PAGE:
Swag at SMM: An alternative shipping confidence survey

I am a journalist so by definition a freeloader. In the three days and many kilometres around the 93,000 sq m of SMM in Hamburg there can be few greater signs that shipping is getting back off its knees than all the swag I have picked up from the hundreds of exhibitors at the world’s largest shipping show. Indeed, I’d go so far as to propose an alternative shipping confidence survey to what’s already in existence by the likes of accountants Moore Stephens based on the quantity and quality of freebies dished out at shipping exhibitions. Judging by my overweight luggage, my approximate metric would put shipping confidence at an eight- to ten-year high.

Somewhat disconcertingly now that I look at the picture above, which contains the filtered goodies that will make it onto the plane home rather than the swollen bins at Hamburg Messe, my picks are stereotypical of a hack: an assortment of drinking paraphernalia followed by urgently needed coffee and sunglasses for the next morning.

Maybe however I am getting this new-fangled sentiment index wrong. The handouts on offer this time could well be there to entice, to coerce and to bamboozle as a once in a lifetime bonanza looms on the horizon for many maritime manufacturers.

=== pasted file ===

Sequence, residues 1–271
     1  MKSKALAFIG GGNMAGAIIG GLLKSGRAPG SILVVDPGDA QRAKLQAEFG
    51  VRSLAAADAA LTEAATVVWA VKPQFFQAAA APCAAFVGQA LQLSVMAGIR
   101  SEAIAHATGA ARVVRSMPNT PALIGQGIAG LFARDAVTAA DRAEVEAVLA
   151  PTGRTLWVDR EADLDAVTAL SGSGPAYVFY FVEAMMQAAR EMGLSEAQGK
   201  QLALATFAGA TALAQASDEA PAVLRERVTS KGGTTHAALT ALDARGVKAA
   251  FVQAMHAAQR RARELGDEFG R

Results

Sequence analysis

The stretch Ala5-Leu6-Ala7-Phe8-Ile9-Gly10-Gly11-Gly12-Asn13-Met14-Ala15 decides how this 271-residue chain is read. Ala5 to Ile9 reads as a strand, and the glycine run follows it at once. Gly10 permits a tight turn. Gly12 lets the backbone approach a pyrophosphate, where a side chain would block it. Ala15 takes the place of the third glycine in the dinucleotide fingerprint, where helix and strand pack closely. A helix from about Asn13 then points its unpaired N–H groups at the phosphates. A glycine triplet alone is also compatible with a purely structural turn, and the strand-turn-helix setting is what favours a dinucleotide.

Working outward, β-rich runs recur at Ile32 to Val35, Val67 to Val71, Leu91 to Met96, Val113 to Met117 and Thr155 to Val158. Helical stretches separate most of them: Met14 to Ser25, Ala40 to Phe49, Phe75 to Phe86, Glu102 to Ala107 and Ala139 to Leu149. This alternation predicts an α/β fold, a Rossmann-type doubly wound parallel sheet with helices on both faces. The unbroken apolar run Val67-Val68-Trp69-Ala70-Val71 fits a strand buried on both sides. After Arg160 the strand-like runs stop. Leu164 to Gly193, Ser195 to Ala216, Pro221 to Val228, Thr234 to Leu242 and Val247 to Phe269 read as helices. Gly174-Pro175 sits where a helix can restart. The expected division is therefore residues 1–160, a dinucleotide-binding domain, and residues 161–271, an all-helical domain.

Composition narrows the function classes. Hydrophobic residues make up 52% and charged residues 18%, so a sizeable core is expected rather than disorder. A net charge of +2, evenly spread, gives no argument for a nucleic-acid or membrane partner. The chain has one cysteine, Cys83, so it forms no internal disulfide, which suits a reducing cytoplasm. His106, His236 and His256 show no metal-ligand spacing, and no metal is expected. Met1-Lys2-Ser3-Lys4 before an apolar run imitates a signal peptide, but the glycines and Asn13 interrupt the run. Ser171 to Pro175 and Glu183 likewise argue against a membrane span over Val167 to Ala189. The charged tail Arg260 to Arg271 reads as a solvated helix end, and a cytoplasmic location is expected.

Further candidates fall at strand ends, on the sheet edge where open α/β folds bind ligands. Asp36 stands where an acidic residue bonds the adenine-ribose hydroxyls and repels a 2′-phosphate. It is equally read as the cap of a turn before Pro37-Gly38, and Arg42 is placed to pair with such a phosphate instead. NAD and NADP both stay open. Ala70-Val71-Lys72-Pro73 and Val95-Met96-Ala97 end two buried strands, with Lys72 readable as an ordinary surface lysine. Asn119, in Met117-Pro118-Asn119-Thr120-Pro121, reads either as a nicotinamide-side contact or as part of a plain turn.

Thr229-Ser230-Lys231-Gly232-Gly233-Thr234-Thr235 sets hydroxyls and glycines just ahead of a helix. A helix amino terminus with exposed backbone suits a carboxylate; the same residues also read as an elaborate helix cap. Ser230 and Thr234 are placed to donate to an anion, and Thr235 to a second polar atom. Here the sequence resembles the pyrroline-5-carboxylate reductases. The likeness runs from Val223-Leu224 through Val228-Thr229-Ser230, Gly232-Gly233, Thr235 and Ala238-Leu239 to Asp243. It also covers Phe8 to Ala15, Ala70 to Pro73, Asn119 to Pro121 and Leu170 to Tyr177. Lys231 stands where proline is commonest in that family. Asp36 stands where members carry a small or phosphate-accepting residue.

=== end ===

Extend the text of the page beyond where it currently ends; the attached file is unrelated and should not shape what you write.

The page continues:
In my near 20 years of maritime reporting I do not think anything has created a greater challenge – and by extension a business opportunity – than the global sulphur cap. Yes, digitisation ran it close, but 2020 fuel choices were still the hottest topic across the 13 halls at SMM this past week. And unlike much regulation of the past there is no silver bullet, no one solution fits all to solve shipping’s great bunker puzzle hence the marketing on steroids of so many ‘solutions’ to the sulphur cap – the sheer number of inventions on offer merely adding to shipowners’ confusion on which path to take to be compliant come January 1, 2020.

Concluding I think it is important to once again acknowledge just what a peerless exhibition SMM is. Yes, it is not a must-attend for conferences, but as far as the actual exhibition goes it is unmatched around the world in terms of actually getting business done. Germany might not be the maritime powerhouse it was 10 years ago, but SMM continues to thrive.

Were you at SMM this week? Pick up some fancy freebies? Take a picture and tweet it with the hashtag #SMMswag.

Sam Chambers

Starting out with the Informa Group in 2000 in Hong Kong, Sam Chambers became editor of Maritime Asia magazine as well as East Asia Editor for the world’s oldest newspaper, Lloyd’s List. In 2005 he pursued a freelance career and wrote for a variety of titles including taking on the role of Asia Editor at Seatrade magazine and China correspondent for Supply Chain Asia. His work has also appeared in The Economist, The New York Times, The Sunday Times and The International Herald Tribune.
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